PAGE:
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Style: Post-Impressionism

Topic: Roads Weather

Date: 1886

Museum: Minneapolis Institute of Arts (United States)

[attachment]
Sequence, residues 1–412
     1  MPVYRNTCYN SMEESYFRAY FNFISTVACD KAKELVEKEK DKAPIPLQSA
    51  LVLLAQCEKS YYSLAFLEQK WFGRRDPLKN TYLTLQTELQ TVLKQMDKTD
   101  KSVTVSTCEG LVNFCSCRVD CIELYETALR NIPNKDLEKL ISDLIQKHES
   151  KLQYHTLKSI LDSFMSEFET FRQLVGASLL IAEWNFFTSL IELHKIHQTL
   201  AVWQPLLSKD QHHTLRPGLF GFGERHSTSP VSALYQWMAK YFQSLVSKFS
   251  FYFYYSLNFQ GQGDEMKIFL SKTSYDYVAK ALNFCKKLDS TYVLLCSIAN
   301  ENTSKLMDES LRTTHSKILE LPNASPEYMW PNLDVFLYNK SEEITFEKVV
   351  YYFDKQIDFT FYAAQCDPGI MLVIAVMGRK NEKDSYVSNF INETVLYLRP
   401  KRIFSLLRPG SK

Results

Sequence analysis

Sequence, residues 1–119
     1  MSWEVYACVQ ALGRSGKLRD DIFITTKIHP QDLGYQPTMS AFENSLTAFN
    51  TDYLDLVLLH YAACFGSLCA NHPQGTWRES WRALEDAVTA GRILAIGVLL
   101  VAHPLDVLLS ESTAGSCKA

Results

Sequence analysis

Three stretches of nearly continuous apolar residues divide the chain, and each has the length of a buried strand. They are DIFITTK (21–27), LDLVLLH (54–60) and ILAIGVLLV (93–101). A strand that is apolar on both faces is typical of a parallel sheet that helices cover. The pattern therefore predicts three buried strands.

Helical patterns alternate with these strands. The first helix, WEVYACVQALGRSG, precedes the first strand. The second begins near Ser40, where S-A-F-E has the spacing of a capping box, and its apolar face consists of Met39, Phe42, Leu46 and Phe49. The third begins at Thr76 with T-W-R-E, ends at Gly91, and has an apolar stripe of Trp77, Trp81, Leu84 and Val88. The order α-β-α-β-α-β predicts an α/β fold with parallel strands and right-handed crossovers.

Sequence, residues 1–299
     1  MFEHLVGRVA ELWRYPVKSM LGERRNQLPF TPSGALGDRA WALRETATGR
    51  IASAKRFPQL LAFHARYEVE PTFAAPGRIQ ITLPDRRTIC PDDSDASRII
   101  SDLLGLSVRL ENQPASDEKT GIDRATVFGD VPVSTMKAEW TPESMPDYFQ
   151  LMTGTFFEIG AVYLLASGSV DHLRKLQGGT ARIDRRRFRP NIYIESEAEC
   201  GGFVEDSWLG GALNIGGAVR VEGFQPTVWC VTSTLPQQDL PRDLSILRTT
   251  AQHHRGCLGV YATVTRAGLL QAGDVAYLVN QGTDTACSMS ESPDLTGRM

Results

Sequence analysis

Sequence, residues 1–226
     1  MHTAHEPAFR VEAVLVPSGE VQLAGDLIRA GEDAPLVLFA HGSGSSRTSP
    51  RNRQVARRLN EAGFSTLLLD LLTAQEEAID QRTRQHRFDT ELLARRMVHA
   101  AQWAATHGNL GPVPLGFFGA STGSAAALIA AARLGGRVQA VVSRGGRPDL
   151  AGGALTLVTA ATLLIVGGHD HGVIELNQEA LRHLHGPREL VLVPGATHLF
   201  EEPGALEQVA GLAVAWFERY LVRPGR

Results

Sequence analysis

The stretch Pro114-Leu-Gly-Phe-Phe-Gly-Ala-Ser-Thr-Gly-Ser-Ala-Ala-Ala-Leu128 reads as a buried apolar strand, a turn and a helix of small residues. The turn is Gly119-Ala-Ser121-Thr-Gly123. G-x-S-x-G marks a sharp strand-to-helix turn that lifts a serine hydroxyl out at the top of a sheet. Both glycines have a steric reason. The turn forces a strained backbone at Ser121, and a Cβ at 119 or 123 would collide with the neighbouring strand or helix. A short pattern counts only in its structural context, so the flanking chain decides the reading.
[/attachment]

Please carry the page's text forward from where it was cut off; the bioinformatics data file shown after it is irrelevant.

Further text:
Paul Signac began as an Impressionist, influenced predominantly by Claude Monet but, in 1884, he, Henri Cross, Odilon Redon and Georges Seurat founded the Indépendants. The Indépendants organized primarily to arrange exhibitions of their own works which had been rejected by the Impressionists-dominated official salons. The Neo-Impressionists, as the Indépendants came to be known, had a manner of seeing which was more precise and formally organized than their forerunners. They were meticulous in their approach to the subject, making many studies and sketches before painting the final work. In this way, they were opposed to the Impressionists who tried to catch the spirit of the moment only.The Neo-Impressionists were influenced by the growing interest in science and technology at the end of the nineteenth century, and particularly by such theorists as Rood and Chevreul. Rood and Chevreul held that light and color are carefully controlled by specific laws based on the juxtaposition of two colors. The interaction between two colors produces a third, in the eye of the viewer, more intense than anything then available from paint dealers. Colors applied in small dots would build up forms by their mass and coloristic interaction.Signac had been a pointillist for nearly two years when he painted the Boulevard de Clichy. Dots of paint applied with great precision create the forms depicted in this scene, a setting probably near Signac's studio. In it, Signac caught the atmospheric stillness of a snowy day. A flat light banishes all deep shadows. This painting is a document of the founding years of Neo-Impressionism.Referenced Work of Art

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